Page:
Why malnutrition is still a major problem in the world
We live in a world that is wealthier and more developed than ever. We can board a plane and cross the planet before the day ends. We can talk to family and friends continents away. We have resources and knowledge unimaginable to previous generations.
Yet hunger remains a daily reality for millions of people, particularly in developing nations. It impacts young mothers and children most severely – in fact, one in three child deaths is linked to malnutrition.
How is it that so many women and children still battle with malnutrition in this day and age?
Several factors perpetuate malnutrition. Natural disasters, many of them related to climate change, force families to leave their homes and land. Conflict also causes mass displacement and creates unstable economies and desperate communities. With no way to earn a livelihood, parents, many whom are already in vulnerable situations, can’t afford food for their children.
Malnutrition is more than lack of food, it means an absence of vital nutrients. When pregnant and breastfeeding women become malnourished, their unborn children and infants can’t develop normally. Children who lack diverse diets suffer from weakness, stunted growth, illness, and even death.
Especially tragic is a malnourished child’s loss of potential. Lack of nutrients can permanently impair a child’s ability to think and learn, which limits their opportunities and hope for the future.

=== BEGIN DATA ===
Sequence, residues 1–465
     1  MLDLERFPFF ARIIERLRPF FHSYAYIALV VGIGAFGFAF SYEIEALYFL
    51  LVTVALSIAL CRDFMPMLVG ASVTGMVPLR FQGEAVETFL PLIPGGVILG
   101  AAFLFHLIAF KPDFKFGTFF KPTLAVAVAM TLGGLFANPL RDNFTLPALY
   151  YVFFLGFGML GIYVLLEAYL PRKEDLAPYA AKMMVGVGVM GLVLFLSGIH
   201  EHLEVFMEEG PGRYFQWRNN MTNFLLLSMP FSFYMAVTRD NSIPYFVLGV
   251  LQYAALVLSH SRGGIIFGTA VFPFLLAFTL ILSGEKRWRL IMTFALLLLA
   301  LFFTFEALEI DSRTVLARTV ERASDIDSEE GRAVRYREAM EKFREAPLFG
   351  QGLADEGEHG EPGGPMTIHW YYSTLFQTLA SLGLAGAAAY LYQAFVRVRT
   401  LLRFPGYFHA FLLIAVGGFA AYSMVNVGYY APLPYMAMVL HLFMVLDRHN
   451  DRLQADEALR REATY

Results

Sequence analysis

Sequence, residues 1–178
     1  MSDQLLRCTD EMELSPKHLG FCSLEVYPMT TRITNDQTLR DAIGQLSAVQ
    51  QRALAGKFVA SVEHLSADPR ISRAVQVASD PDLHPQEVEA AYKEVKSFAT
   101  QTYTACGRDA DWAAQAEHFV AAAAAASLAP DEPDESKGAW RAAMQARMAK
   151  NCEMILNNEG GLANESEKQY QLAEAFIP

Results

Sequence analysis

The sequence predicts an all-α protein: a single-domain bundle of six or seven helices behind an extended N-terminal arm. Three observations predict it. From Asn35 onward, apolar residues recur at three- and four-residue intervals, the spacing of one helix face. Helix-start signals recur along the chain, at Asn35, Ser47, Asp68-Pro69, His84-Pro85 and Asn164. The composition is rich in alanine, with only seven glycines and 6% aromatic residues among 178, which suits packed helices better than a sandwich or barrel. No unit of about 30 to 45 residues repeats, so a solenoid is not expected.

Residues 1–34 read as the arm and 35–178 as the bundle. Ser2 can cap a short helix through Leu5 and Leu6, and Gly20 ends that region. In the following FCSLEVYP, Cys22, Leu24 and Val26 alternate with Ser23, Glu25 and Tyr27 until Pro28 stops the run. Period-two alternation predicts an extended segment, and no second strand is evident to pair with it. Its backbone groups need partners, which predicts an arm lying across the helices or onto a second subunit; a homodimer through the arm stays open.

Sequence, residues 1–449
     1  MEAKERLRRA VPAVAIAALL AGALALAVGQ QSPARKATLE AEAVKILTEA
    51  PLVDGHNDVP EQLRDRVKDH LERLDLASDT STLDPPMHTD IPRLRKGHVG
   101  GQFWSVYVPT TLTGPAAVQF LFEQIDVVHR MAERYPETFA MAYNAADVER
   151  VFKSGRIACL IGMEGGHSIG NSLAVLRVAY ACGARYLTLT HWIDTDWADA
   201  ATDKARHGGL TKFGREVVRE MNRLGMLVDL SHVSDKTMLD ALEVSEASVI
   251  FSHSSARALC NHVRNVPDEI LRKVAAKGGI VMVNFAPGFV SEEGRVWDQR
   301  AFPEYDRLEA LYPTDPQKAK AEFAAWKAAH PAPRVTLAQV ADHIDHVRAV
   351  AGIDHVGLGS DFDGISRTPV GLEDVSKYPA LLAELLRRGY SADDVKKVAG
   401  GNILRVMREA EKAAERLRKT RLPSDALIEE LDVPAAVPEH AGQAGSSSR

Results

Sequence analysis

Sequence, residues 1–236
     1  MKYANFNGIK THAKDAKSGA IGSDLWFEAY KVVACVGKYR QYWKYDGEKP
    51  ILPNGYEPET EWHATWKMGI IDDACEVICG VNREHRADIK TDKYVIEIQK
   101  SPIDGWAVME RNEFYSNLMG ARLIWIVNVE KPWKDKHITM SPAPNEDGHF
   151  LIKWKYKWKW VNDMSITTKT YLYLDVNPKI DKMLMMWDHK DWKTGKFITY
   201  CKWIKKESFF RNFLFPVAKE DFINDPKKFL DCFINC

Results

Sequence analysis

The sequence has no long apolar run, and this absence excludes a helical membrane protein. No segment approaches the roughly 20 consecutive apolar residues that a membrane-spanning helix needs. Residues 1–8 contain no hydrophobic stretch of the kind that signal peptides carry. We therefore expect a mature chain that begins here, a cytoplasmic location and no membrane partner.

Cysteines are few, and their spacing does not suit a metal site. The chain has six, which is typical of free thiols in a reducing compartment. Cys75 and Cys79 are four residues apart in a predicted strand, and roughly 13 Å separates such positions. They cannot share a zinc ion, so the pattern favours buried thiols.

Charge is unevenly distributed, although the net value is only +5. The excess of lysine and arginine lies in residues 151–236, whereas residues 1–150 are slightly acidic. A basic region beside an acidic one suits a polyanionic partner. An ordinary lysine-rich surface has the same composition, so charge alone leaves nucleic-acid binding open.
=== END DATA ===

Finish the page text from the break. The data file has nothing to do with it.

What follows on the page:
The problem is urgent, but through your support, we’re providing a front-line response. In our programmes around the world, malnourished children and mothers receive life-saving relief in remote communities. Suffering communities receive emergency medical treatment and nutrient-rich food to prevent deaths and heal children. Mothers and communities are educated about the importance of hygiene, vaccinations, and diet diversity, which prevents malnutrition from occurring in the first place.
Beyond supplying emergency food and medical treatment, we promote better long-term health by equipping families to start abundant kitchen gardens. We teach techniques for farm renewal so that families can restore damaged land and produce crops for the future. Coupled with immediate food aid, these farms and gardens provide essential nutrients for malnourished families and help build resilience in otherwise very difficult circumstances.
So how can we respond to the malnutrition we still see threatening millions of lives today? We can hold on to hope.
Believe it or not, global nutrition is actually improving and the global community has made real progress towards reducing malnutrition worldwide. Efforts to treat, and more importantly prevent, malnutrition are being carried out every day in some of the toughest places around the world. Your support plays a vital role in these efforts. For that, we say thank you.